• 35 community eNewsletters


Sign In



Forgotten your details? Click Here
If you are not a member you can join here

*Please note: By logging into TechnologyNetworks.com you agree to accept the use of cookies. To find out more about the cookies we use and how to delete them, see our privacy policy.


Scientific News
Turning Skin Cells into Heart, Brain Cells
In a major breakthrough, scientists at the Gladstone Institutes transformed skin cells into heart cells and brain cells using a combination of chemicals.
Detection of HPV in First-Void Urine
Similar sensitivity of HPV test on first void urine sample compared to cervical smear.
Potential “Good Fat” Biomarker
New method to measure the activity of energy consuming brown fat cells could ease the testing weight loss drugs.
Shape Of Tumor May Affect Whether Cells Can Metastasize
Illinois researchers found that the shape of a tumor may play a role in how cancer cells become primed to spread.
MicroRNA Pathway Could Lead to New Avenues for Leukemia Treatment
Cancer researchers at the University of Cincinnati have found a particular signaling route in microRNA (miR-22) that could lead to targets for acute myeloid leukemia, the most common type of fast-growing cancer of the blood and bone marrow.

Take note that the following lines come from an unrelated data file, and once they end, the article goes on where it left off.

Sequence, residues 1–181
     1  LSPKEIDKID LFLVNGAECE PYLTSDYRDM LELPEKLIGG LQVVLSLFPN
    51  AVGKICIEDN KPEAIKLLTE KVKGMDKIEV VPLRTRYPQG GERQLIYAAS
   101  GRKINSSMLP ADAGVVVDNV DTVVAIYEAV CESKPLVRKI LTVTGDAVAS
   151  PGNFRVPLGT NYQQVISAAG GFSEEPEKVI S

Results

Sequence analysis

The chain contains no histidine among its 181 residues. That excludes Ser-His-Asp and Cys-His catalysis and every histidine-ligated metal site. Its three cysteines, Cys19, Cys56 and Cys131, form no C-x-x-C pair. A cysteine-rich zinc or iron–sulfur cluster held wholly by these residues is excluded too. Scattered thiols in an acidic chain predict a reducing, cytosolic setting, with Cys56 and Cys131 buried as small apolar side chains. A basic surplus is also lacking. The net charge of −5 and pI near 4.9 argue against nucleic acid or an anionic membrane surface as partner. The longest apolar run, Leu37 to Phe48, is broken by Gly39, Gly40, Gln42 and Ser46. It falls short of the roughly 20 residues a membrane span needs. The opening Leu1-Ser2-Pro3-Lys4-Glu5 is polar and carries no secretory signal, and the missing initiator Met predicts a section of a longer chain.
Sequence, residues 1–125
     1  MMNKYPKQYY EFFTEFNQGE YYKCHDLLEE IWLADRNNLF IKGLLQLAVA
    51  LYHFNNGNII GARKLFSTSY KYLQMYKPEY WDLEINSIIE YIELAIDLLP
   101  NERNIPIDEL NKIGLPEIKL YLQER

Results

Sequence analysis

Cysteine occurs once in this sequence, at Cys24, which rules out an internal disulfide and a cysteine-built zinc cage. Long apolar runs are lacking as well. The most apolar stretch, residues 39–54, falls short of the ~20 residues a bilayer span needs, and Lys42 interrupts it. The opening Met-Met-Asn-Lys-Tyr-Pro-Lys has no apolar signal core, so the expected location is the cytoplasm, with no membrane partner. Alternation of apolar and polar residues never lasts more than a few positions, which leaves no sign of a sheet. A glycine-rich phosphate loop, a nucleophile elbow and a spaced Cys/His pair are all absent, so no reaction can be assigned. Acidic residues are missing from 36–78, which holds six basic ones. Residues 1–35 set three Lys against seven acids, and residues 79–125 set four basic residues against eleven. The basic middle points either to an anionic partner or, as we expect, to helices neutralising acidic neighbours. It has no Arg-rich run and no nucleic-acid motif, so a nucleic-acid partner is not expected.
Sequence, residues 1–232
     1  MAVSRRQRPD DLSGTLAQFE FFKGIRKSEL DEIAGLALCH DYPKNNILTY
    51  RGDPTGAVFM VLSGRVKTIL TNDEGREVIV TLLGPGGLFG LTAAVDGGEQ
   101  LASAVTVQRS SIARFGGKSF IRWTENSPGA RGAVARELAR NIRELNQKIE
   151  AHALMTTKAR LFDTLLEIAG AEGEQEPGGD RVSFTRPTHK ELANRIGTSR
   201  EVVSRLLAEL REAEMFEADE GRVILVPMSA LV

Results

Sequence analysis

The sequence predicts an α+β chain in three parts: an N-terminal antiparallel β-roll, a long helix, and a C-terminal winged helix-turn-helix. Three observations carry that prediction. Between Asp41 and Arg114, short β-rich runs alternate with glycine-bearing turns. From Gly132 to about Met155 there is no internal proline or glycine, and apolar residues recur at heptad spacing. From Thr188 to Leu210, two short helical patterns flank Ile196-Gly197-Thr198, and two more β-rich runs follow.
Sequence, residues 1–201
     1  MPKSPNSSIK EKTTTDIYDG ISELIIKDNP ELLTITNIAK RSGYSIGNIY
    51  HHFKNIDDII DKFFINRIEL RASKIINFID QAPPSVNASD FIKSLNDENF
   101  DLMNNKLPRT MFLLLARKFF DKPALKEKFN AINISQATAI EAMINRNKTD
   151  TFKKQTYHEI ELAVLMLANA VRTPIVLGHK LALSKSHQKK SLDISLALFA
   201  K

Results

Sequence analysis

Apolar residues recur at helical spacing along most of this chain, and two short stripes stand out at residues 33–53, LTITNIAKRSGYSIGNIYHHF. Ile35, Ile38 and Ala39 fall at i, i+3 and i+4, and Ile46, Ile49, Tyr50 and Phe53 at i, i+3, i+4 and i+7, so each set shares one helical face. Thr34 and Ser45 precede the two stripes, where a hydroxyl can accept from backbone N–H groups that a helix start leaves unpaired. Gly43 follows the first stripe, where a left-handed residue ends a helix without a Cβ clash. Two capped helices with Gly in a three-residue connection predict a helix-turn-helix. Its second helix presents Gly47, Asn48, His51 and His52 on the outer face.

Analysis of Dog Genome will Provide Insight into Human Disease
An important model in studying human disease, the non-coding RNA of the canine genome is an essential starting point for evolutionary and biomedical studies – according to a new study led by The Genome Analysis Centre (TGAC).
New Blood Test for The Earlier Diagnosis of Breast Cancer Spread
Researchers at University of Westminster have confirmed that a new blood test can detect if breast cancer has spread to other parts of the body.
First Gene Therapy Successful Against Human Aging
American woman gets biologically younger after gene therapies.
Targeting an ‘Undruggable’ Cancer Gene
RAS genes are mutated in more than 30 percent of human cancers and represent one of the most sought-after cancer targets for drug developers.
Altered Metabolism of Four Compounds Drives Glioblastoma Growth
Findings suggest new ways to treat the malignancy, slow its progression and reveal its extent more precisely.
SELECTBIO

SELECTBIO Market Reports
Go to LabTube
Go to eposters
 
Access to the latest scientific news
Exclusive articles
Upload and share your posters on ePosters
Latest presentations and webinars
View a library of 1,800+ scientific and medical posters
3,000+ scientific and medical posters
A library of 2,500+ scientific videos on LabTube
4,500+ scientific videos
Close
Premium CrownJOIN TECHNOLOGY NETWORKS PREMIUM FOR FREE!